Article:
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Dr. William Kenneth Hartman: Friend or Foe of UFOlogy

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posted on Oct, 18 2015 @ 11:01 AM
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I first heard of Dr. Hartman when I was reading about the UFO sighting in Virginia at Fort Belvoir in September 1957. As part of the Condon Report, he was tasked with investigating this sighting. According to records, he "proposed tests to establish the geometric consistency of the images." In this particular sighting, I believe Dr. Hartman ruled, "A black ring that became obscured by an opaque white cloud, reportedly witnessed by about 15 persons and photographed by the principle witness is identified as the by-product of an ‘atom bomb simulation’ on the army base."

I have never heard of 'atom bomb simulations,' so this was a first for me. Does anyone else have feedback about atom bomb simulations? What part of the country were they performed in? What was the frequency? Did they resemble UFO's?

Dr. Hartman's bio can be found HERE. He reportedly ruled most UFO sightings as "unreliable," or "inconclusive," he did conclude

two cases were unexplained and particularly noteworthy as probative evidence of the reality of UFOs.


Does anyone know which two cases Dr. Hartman was referring to?




posted on Oct, 18 2015 @ 11:15 AM
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a reply to: Cosmic911

I'm not sure what the feeling of ATS has regarding The Condon Committee, or it's final report, or what light ATS'ers regard Dr. J. Allen Hynek in, however, Hyneck supposedly wrote

"The Condon Report settled nothing." He called Condon's introduction "singularly slanted" and wrote that it "avoided mentioning that there was embedded within the bowels of the report a remaining mystery; that the committee had been unable to furnish adequate explanations for more than a quarter of the cases examined."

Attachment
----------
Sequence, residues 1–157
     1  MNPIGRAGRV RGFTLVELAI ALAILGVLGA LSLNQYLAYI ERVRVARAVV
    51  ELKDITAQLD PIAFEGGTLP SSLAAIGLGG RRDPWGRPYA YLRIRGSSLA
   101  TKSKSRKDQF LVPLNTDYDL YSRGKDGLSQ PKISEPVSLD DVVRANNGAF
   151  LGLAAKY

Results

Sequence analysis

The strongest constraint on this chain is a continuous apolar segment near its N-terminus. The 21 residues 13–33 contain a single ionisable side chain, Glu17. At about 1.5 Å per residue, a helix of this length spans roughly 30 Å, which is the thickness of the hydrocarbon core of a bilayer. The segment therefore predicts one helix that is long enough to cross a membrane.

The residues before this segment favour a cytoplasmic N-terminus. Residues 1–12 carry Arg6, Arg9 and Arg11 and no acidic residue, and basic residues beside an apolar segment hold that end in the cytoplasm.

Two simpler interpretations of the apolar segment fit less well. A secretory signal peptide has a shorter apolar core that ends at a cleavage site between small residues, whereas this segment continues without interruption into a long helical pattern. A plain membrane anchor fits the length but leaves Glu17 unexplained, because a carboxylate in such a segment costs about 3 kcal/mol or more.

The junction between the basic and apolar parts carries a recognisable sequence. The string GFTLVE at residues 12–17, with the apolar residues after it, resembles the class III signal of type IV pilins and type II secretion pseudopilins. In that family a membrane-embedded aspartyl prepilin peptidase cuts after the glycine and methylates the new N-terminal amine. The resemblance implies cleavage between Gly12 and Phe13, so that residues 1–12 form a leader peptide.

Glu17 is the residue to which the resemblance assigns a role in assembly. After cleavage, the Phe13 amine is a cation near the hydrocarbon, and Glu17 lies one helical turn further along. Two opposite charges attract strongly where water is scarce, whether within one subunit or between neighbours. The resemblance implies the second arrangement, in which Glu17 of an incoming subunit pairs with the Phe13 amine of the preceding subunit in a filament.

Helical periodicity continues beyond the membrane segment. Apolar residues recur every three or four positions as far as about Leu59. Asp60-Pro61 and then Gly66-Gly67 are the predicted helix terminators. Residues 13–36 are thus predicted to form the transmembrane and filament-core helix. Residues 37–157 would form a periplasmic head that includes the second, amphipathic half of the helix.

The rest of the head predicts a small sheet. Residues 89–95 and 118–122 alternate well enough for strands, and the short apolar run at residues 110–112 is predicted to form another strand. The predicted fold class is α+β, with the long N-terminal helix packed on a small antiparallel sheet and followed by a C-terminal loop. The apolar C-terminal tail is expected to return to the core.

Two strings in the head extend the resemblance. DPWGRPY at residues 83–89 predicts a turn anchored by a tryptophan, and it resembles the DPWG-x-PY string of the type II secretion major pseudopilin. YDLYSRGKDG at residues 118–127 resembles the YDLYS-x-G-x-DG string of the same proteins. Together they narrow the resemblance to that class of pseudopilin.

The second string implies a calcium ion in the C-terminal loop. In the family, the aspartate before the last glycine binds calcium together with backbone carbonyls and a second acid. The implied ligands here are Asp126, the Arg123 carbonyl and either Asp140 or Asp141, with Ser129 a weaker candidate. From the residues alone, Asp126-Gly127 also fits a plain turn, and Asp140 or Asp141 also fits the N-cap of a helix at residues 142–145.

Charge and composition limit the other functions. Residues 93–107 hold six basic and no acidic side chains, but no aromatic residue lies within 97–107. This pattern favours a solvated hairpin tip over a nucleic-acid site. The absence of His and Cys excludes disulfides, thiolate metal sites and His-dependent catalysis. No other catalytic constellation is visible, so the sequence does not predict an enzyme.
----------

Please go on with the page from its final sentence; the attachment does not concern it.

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Did Dr. Hynek have an opinion of Dr. Hartman's work?



posted on Oct, 18 2015 @ 05:10 PM
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a reply to: Cosmic911

On the internet (somewhere) are a series of pictures that show that the ring of smoke phenomena is not uncommon and frequently caused by the explosion of a 55 gal. drum of fuel.

Sagan was recruited by Condon for his team. I place that as the point where Sagan was a wide-eyed UFO fanatic and switched sides to, ahem, ensure his career in astronomy. To have followed his original course would have been instant political suicide. (William Poundstone's long bio of Sagan details to some extent Sagan's early beliefs about UFOs which were extreme.)
edit on 18-10-2015 by Aliensun because: (no reason given)



posted on Oct, 18 2015 @ 07:30 PM
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originally posted by: Aliensun
a reply to: Cosmic911

On the internet (somewhere) are a series of pictures that show that the ring of smoke phenomena is not uncommon and frequently caused by the explosion of a 55 gal. drum of fuel.

Sagan was recruited by Condon for his team. I place that as the point where Sagan was a wide-eyed UFO fanatic and switched sides to, ahem, ensure his career in astronomy. To have followed his original course would have been instant political suicide. (William Poundstone's long bio of Sagan details to some extent Sagan's early beliefs about UFOs which were extreme.)


What's the deal with you and Sagan?



posted on Oct, 18 2015 @ 08:57 PM
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Hartman is still around, you can ask him directly.




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